One of the most effective ways to discredit a Wikipedia article is to hang a tag on it. The first thing a reader sees on the page Racism in the Palestinian territories is a tag. It reads:
The neutrality of this article is disputed. Please see the discussion on the talk page. Please do not remove this message until the dispute is resolved. (August 2010)
This has the immediate effect of making the reader doubt what he reads on the page, which contains well-sourced examples of Palestinian Arab anti-black racism and of Palestinian Arab ethnic and religious hatred directed towards blacks, Kurds, Christians, and Jews.
The first response of pro-Palestinian editors was to tag the page. Then they attempted to delete it. When that failed, they tagged it again and have kept it tagged ever since.
Tags are supposed to flag articles that need improvement. However, many anti-Israel editors spend almost all of their Wikipedia time tagging pages and arguing on talk pages. They are not here to add information, they are here to fight. You can see this by clicking on “view history” on the Wikipedia tool bar. Then click the word “contributions” beside the editors name. Scroll down. Click “edit count” on the tool bar at the bottom of the page. Editors who are on Wikipedia only to fight have edit counts that look like this or this. Editors who honestly contribute have edit counts that look like this or this.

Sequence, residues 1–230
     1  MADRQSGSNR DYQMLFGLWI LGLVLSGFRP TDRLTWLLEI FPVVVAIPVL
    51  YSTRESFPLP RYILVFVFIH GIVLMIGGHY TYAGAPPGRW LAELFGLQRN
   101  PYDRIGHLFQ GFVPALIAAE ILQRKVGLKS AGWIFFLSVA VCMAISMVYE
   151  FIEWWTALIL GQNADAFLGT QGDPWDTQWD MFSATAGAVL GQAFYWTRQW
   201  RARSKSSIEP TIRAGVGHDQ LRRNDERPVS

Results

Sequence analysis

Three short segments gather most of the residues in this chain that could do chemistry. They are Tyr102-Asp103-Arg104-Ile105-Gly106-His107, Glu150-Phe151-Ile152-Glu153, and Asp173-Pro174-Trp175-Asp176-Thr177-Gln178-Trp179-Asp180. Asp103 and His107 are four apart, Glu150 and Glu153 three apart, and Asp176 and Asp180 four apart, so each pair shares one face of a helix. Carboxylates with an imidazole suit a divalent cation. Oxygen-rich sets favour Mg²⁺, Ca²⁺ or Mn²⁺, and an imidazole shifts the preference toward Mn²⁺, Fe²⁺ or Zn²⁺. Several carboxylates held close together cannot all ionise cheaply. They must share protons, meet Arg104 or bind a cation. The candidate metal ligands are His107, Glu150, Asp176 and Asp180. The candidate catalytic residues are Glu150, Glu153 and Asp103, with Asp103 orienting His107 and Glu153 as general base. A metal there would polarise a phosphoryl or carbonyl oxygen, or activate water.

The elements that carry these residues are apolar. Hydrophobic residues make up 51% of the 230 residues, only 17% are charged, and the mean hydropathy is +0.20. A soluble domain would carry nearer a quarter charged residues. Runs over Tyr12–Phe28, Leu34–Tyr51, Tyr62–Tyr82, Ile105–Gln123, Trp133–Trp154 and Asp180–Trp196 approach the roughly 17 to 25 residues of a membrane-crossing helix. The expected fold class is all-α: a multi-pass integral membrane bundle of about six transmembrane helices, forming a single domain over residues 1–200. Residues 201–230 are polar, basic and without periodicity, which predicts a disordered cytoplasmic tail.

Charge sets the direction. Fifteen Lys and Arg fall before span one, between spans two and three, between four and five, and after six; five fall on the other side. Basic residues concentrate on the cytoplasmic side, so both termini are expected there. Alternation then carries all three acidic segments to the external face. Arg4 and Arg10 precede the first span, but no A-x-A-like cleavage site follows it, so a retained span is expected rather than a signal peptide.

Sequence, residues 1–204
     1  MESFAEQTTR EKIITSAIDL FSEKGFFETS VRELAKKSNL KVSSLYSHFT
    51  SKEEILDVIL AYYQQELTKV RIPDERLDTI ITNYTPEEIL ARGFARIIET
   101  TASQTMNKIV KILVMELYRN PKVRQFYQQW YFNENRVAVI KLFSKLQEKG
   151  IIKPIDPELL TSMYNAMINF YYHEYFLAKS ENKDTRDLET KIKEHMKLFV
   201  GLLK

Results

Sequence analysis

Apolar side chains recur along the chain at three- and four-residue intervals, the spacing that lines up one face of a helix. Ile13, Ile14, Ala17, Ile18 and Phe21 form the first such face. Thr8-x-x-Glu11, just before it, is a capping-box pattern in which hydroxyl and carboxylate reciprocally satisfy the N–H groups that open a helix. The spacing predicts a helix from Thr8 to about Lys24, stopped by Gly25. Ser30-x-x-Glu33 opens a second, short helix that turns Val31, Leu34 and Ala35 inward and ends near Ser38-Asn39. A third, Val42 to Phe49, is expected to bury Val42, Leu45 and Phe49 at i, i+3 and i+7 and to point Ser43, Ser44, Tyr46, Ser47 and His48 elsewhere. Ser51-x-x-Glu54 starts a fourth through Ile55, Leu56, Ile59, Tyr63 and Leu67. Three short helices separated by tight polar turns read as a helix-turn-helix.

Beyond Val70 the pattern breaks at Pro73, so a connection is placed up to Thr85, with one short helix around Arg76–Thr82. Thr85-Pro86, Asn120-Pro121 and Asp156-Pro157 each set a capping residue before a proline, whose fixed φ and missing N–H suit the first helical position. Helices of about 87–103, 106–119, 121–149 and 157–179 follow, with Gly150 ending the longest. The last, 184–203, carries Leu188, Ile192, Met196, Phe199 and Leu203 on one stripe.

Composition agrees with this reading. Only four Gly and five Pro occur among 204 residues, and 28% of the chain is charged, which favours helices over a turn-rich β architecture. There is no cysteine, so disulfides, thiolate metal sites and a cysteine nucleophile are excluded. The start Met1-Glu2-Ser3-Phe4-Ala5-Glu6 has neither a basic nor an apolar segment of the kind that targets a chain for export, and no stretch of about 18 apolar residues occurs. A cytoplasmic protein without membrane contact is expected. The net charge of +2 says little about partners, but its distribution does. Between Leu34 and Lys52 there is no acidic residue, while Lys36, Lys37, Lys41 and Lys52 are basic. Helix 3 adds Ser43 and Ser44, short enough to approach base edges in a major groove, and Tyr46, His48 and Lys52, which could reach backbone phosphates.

To editors who come only to fight, tags are yet another tool in the battle to remove material that reflects badly on Palestinian Arabs, or that reflects well on Israelis.
The real work of Wikipedia, as always, takes place on the article’s talk page. There are real arguments here. Should racism be confined to discrimination by skin color? Is it a term for discrimination against Christians, Kurds, or Jews? It is clear that many of the editors are here only to make Israelis look bad and to protect Palestinians from legitimate criticism.
The article on Palestinian racism was, unsurprisingly, started by a pro-Israel editor who was presumably responding to the creation of Racism and ethnic discrimination in Israel on June 18, 2010. There is racism in Israel. There is racism everywhere. This is what makes the attempt to delete the article on Racism in the Palestinian territories so extremely unethical. It was nominated for deletion on August 20, 2010. The article on Racism in Israel was nominated for deletion 9 hours later, presumably by a pro-Israel editor trying to make the point that Israel and the Arabs should get equal treatment.
Equal treatment is not want the pro-Palestinian editors want, they want to be free to criticize Israel while brooking no criticism of Palestinians. They made an attempt to hijack the article by making it into an article about the anti-Arab racism of Israelis living in the West Bank.
That failed, but they will keep arguing on that talk page forever. One of the goals of having interminable debates on the talk page, after all, is to keep the tags on the top of the page forever. If the arguments end, the tags can be removed. Keep on talking forever and you keep the tags on the page, making readers doubt the facts and sources presented. And I do mean forever.
Take, for example: Occupation of the West Bank and East Jerusalem by Jordan. The first thing a reader sees on the page is a placard that reads
This article’s factual accuracy is disputed. Please see the relevant discussion on the talk page. (March 2008)
This tag has been at the top of the page since March 2008.